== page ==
Rounded rectangles are used for states. Each state contains two components, the state name and a brief description of the action performed in that state (see next slide).

Statecharts also allow the decomposition of a model into sub-models (see figure on next slide).

A brief description of the actions is included following the ‘do’ in each state (the word “do” is optional).

Can be complemented by tables describing the states and the stimuli.

The label on an arc can denote the method called to move from one state to the next (the event).

A guard is used to ensure that the system only moves from one state to the other if the expression is satisfied.

A state can contain a subdiagram within it (also called a composite state). This is useful for example when we wish to model a subsystem or substates.

On the next slide, we can see all these elements of a UML statechart diagram

Often have an Idle state where the process is not active

All states need some exit (no deadlock, even in error conditions)

Use multiple state charts to keep the design simple

Do NOT need to have a state chart as sub state of other state chart

System can be described by multiple state machines running concurrently

Finite State Automata

Finite State Machines (FSM), also known as Finite State Automata (FSA) are models of the behaviours of a system or a complex object, with a limited number of defined conditions or modes, where mode transitions change with circumstance.

AAAAAAA, ABBA - any combination of A's and B's.

A model of computation consisting of

a set of states,

a start (initial) state,

an input alphabet, and

a transition function that maps input symbols

and current states to a next state

You may recall finite state

machines (or automata)

from COMP209.

Computation begins in the start state with an input string. It changes to new states depending on the transition function.

states define behaviour and may produce actions

state transitions are movement from one state to another

rules or conditions must be met to allow a state transition

input events are either externally

or internally generated, which

may possibly trigger rules and

lead to state transitions.

A model is an abstract system view. Complementary types of model provide different system information.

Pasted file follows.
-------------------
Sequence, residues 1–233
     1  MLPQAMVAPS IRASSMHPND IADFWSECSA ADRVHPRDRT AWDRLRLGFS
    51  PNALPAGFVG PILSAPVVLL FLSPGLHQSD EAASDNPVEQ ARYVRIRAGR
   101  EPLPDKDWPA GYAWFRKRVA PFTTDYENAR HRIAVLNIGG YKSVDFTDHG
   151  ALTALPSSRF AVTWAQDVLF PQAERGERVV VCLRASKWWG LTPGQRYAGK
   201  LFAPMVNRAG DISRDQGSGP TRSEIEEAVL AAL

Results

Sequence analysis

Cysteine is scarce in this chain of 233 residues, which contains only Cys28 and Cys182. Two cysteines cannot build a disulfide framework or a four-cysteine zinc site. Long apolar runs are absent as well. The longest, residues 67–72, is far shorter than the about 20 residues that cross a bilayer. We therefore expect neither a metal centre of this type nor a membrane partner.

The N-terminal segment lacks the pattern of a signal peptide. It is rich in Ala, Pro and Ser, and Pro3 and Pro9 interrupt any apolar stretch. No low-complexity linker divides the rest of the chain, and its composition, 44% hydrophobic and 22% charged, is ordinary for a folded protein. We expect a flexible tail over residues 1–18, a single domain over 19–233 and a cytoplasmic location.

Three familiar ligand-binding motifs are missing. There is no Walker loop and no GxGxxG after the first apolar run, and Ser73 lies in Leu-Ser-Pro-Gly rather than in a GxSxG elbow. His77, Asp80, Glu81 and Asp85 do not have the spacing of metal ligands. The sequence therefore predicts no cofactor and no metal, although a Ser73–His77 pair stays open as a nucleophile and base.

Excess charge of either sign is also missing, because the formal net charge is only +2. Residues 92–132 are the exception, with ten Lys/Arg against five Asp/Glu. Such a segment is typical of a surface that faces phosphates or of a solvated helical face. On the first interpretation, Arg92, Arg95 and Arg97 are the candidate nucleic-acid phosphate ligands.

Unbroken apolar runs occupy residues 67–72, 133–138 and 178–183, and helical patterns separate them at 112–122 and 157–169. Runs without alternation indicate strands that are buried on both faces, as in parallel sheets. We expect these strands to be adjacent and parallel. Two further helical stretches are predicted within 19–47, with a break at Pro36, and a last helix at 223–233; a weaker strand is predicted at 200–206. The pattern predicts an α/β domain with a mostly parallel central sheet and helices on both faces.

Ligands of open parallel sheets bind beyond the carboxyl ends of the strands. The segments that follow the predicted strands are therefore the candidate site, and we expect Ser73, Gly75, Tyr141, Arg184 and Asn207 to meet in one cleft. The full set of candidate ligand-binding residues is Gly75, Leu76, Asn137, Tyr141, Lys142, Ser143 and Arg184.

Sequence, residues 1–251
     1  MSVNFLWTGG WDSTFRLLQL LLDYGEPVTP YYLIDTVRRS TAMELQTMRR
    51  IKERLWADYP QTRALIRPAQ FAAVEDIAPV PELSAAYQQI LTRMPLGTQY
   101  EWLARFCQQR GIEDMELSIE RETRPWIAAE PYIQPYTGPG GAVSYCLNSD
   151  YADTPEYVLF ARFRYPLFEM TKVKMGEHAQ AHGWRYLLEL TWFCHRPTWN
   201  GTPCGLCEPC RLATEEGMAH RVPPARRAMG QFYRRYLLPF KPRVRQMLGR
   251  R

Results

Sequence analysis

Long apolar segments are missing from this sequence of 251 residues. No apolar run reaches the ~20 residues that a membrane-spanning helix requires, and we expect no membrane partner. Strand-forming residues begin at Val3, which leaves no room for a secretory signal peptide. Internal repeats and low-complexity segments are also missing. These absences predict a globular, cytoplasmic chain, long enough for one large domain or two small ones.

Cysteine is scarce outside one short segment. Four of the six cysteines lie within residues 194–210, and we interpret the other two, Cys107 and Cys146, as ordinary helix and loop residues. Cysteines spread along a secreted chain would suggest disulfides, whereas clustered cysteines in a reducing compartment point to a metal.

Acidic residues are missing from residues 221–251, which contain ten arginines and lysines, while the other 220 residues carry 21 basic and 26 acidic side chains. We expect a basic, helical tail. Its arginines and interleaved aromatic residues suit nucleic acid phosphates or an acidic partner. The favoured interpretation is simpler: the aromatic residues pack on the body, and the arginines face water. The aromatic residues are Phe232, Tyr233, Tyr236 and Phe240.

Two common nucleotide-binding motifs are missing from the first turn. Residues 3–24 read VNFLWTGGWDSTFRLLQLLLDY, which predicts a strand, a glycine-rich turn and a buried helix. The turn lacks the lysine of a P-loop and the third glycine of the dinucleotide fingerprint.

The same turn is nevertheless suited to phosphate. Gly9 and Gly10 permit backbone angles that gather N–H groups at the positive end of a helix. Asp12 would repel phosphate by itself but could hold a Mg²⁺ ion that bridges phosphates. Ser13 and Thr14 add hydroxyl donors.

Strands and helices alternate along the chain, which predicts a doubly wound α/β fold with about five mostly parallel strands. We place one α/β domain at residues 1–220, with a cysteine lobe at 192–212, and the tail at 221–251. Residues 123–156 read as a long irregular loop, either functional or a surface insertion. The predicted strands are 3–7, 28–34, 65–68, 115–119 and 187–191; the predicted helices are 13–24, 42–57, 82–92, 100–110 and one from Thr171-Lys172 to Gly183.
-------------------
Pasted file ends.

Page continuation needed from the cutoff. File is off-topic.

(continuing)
Context models show the position of a system in its environment with other systems and processes.

Data flow models may be used to model the data processing in a system.

State machine models model the system’s behaviour in response to internal or external events

Computation begins in the start state with an input string. It changes to new states depending on the transition function.

states define behaviour and may produce actions

state transitions are movement from one state to another

rules or conditions must be met to allow a state transition

input events are either externally

or internally generated, which

may possibly trigger rules and

lead to state transitions.

There are many variants, for instance,

machines having actions (outputs) associated with transitions (Mealy machine) or states (Moore machine),

multiple start states,

transitions conditioned on no input symbol (a null) or more than one transition for a given symbol and state (nondeterministic finite state machine),

one or more states designated as accepting states (recognizer), etc.

Finite state automata are like computers in that they receive input and process the input by changing states.

The only output that we have seen finite automata produce so far is a yes/no at the end of processing.

We will now look at two models of finite automata that produce more output than a yes/no.

Basically a Moore machine is just a FSA with two extra attributes.

  1. It has TWO alphabets, an input and output alphabet.
  2. It has an output letter associated with each state. The machine writes the appropriate output letter as it enters each state.

Mealy machines are complete in the sense that there is a transition for each character in the input alphabet leaving every state.

There are no accept states in a Mealy machine because it is not a language recogniser, it is an output producer. Its output will be the same length as its input.

Petri Nets

Petri Nets were developed originally by Carl Adam Petri (when he was 12), and were the subject of his dissertation in 1962.

Originally to model chemical reactions

Since then, Petri Nets and their concepts have been extended, developed, and applied in a variety of areas.

While the mathematical properties of Petri Nets are interesting and useful, the beginner will find that a good approach is to learn to model systems by constructing them graphically.

TODO lecture 10

Formal Specification

We're going to skip a bunch of slides now because the questions skp slides, but I'm going to include the stuff that looks important.

Use cases


Verifaction and validation